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Coffee Shop Business Plan

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Java Culture

Executive Summary

Opportunity

Problem

People near the University of Oregon need not just coffee and tea, or pastries and snacks, but also a place to meet comfortably, have a group discussion, or just sit quietly, work, and read. That is available now near the University of Oregon campus, but too crowded too often, and not the right combination of factors for everybody.

Solution

Java Culture coffee bar is determined to become a daily necessity for local coffee addicts, a place to dream of as you try to escape the daily stresses of life and just a comfortable place to meet your friends or to read a book, all in one.

Market

Java Culture will focus its marketing activities on reaching the University students and faculty, people working in offices located close to the coffee bar and on sophisticated teenagers. Our market research shows that these are the customer groups that are most likely to buy gourmet coffee products. Since gourmet coffee consumption is universal across different income categories and mostly depends on the level of higher education, proximity to the University of Oregon campus will provide access to the targeted customer audience.

Competition

Java Culture’s direct competitors will be other coffee bars located near the University of Oregon campus. These include Starbucks, Cafe Roma, The UO Bookstore, and other Food service establishments that offer coffee.

Why Us?

Great coffee, pastries, additional options for tea etc, very welcoming atmosphere, good wireless, desk space, comfortable chairs and tables, good pastries, a location close to the university campus.

Expectations

Forecast

We plan to grow as shown in the chart below, taken from our sales forecast. We aim to maintain an industry-standard 60% gross profit margin and reasonable operating expenses, and to produce reasonable profits in the second and third year.

Financial Highlights by Year

Chart visualizing the data for Financial Highlights by Year

Financing Needed

The owners will invest $140,000 and take out a bank loan for $30,000  to cover the start-up expenses and assets needed plus deficient spending in the early months.

The start-up expenses of $27,000 include:

  • Legal expenses for obtaining licenses and permits as well as the accounting services totaling $1,300.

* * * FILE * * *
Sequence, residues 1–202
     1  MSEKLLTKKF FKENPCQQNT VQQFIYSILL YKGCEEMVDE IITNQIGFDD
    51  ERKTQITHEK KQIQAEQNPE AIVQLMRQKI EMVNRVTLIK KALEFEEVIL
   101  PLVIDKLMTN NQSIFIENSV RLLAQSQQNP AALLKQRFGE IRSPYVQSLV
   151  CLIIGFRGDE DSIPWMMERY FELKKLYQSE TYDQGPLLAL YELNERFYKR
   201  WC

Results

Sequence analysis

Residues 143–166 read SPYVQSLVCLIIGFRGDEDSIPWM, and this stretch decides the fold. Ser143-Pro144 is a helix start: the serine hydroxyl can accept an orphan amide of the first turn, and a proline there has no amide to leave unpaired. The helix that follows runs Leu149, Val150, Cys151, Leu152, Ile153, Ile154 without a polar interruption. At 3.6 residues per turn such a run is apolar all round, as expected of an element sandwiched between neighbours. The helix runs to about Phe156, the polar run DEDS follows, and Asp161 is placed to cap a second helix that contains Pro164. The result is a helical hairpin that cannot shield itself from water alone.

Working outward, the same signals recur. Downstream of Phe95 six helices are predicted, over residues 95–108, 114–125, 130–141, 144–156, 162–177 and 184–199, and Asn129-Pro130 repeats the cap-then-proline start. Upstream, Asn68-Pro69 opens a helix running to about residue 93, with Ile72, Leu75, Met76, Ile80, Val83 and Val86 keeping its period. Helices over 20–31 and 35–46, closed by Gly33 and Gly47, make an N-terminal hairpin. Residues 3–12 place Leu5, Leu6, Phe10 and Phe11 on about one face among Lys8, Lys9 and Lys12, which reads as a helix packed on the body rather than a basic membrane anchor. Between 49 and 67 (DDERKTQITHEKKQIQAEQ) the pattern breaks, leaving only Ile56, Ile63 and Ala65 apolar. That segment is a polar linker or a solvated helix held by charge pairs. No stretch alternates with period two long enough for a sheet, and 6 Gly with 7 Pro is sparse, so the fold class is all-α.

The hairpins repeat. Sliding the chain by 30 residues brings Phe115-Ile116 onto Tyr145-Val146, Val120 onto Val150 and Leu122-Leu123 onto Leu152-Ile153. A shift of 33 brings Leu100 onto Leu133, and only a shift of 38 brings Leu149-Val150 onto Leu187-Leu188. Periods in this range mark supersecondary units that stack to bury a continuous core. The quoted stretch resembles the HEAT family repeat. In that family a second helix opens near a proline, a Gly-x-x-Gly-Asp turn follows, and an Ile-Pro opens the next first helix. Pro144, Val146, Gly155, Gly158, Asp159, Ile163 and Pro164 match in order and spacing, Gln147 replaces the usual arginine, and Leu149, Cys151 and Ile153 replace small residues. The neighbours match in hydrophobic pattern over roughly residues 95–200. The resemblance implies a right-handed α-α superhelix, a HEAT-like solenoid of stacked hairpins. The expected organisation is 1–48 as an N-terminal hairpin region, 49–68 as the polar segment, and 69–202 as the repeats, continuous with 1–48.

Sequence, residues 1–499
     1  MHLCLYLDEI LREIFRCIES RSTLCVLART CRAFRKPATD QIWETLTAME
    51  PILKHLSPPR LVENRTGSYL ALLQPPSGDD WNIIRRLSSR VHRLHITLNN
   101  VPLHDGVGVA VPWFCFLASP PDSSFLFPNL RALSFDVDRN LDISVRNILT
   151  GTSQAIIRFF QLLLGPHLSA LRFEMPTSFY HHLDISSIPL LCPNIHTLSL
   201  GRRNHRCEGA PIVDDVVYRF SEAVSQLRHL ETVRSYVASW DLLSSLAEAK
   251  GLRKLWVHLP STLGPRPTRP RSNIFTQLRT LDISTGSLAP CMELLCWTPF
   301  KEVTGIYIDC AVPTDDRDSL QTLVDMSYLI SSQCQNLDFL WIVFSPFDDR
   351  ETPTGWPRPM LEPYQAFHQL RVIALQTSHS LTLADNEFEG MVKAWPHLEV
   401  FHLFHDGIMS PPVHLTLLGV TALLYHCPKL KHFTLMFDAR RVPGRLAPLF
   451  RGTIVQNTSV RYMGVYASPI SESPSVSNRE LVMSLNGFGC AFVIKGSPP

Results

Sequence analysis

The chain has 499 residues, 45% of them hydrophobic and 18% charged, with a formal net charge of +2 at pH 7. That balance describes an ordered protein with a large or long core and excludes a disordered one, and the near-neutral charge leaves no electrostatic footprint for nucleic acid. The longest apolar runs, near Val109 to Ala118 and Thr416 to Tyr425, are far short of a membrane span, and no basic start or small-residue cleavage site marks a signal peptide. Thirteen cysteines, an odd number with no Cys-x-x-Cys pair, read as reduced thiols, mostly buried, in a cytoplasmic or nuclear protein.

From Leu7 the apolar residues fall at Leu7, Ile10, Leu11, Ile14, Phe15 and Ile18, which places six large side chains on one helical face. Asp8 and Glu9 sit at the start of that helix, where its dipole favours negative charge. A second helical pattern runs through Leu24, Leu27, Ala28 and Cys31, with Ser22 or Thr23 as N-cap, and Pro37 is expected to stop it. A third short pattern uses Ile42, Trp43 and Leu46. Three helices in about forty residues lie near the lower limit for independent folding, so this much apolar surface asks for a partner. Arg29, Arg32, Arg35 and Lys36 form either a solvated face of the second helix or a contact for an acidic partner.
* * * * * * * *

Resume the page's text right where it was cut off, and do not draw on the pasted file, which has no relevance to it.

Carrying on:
• Marketing promotion expenses for the grand opening of Java Culture in the amount of $3,500 and as well as flyer printing (2,000 flyers at $0.04 per copy) for the total amount of $3,580.
  • Consultants fees of $3,000 paid to ABC Espresso Services <name changed> for the help with setting up the coffee bar.
  • Insurance (general liability, workers’ compensation and property casualty) coverage at a total premium of $2,400.
  • Pre-paid rent expenses for one month at $1.76 per square feet in the total amount of $4,400.
  • Premises remodeling in the amount of $10,000.
  • Other start-up expenses including stationery ($500) and phone and utility deposits ($2,500).

These expenses will be incurred before launch, so they take their place in our financial projections as negative retained earnings of $27,680 at the end of the month before we begin. That number shows up in the balance sheet.

The required start-up assets of $143,000 include:

  • Cash in the bank in the total amount of $67,000, which includes enough to cover employees and owner’s salaries of $23,900 for the first two months and cash reserves for the first three months of operation (approximately $14,400 per month).
  • Start-up inventory of $16,000, which includes:
    • Coffee beans (12 regular brands and five decaffeinated brands) – $6,000
    • Coffee filters, baked goods, salads, sandwiches, tea, beverages, etc. – $7,900
    • Retail supplies (napkins, coffee bags, cleaning, etc.) – $1,840
    • Office supplies – $287
  • Equipment for the total amount of $60,000:
    • Espresso machine – $6,000
    • Coffee maker – $900
    • Coffee grinder – $200
    • Food service equipment (microwave, toasters, dishwasher, refrigerator, blender, etc.) – $18,000
    • Storage hardware (bins, utensil rack, shelves, food case) – $3,720
    • Counter area equipment (counter top, sink, ice machine, etc.) – $9,500
    • Serving area equipment (plates, glasses, flatware) – $3,000
    • Store equipment (cash register, security, ventilation, signage) – $13,750
    • Office equipment (PC, fax/printer, phone, furniture, file cabinets) – $3,600
    • Other miscellaneous expenses – $500

Funding for the company comes from two major sources–owners’ investments and bank loans. Two major owners, Arthur Garfield and James Polk, have contributed $70,000 and $30,00 respectively. All other investors have contributed $40,000, which brings the total investments to $140,000. The remaining $30,000 needed to cover the start-up expenses and assets came from the two bank loans–a one-year loan in the amount of $10,000 and a long-term (five years) loan of $20,000. Both loans were secured through the Bank of America. Thus, total start-up loss is assumed in the amount of $27,000.

The amounts show up in the balance sheet in the month prior to opening. The $140,000 investment shows up as Paid-in Capital. The $27,000 expenses show up as negative retained earnings. Assets and liabilities are there. This is all according to financial standards.

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